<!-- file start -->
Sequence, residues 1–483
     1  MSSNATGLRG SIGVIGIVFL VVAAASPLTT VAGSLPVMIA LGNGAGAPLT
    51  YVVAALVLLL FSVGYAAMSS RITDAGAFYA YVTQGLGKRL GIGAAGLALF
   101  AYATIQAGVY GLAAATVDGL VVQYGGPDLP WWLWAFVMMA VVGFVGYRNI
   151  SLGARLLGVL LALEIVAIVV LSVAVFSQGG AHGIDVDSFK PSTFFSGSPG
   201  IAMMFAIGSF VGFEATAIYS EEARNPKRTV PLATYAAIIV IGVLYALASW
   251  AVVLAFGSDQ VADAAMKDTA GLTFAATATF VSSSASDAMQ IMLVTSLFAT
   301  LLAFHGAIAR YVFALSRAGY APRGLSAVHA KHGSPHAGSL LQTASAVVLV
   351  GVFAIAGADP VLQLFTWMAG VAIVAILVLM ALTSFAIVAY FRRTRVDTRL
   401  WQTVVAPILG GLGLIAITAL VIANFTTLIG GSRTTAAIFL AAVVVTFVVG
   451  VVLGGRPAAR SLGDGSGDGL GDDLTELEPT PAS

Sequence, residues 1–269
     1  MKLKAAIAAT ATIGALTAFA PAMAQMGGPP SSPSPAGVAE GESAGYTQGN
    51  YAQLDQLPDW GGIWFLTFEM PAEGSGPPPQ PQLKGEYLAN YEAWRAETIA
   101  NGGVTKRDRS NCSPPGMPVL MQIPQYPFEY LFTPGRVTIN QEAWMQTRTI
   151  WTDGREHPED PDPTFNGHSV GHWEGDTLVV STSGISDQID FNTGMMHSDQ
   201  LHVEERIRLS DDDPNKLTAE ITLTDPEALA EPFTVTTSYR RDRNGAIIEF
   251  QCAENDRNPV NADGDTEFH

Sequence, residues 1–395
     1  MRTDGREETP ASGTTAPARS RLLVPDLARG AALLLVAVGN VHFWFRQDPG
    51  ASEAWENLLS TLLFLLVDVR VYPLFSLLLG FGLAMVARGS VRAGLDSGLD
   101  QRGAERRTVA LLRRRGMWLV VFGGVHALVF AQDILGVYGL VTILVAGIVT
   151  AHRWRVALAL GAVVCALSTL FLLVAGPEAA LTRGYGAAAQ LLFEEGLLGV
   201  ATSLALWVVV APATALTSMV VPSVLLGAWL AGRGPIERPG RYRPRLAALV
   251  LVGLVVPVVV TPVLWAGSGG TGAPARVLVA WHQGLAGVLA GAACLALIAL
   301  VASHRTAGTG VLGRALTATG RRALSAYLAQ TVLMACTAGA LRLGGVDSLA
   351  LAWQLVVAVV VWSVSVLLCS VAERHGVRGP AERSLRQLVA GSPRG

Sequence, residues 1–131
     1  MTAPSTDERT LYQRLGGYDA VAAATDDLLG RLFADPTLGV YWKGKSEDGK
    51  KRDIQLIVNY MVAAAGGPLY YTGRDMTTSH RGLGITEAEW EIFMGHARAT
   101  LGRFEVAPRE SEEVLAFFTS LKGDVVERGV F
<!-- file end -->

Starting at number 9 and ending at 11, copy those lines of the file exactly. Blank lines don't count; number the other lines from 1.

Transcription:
   351  GVFAIAGADP VLQLFTWMAG VAIVAILVLM ALTSFAIVAY FRRTRVDTRL
   401  WQTVVAPILG GLGLIAITAL VIANFTTLIG GSRTTAAIFL AAVVVTFVVG
   451  VVLGGRPAAR SLGDGSGDGL GDDLTELEPT PAS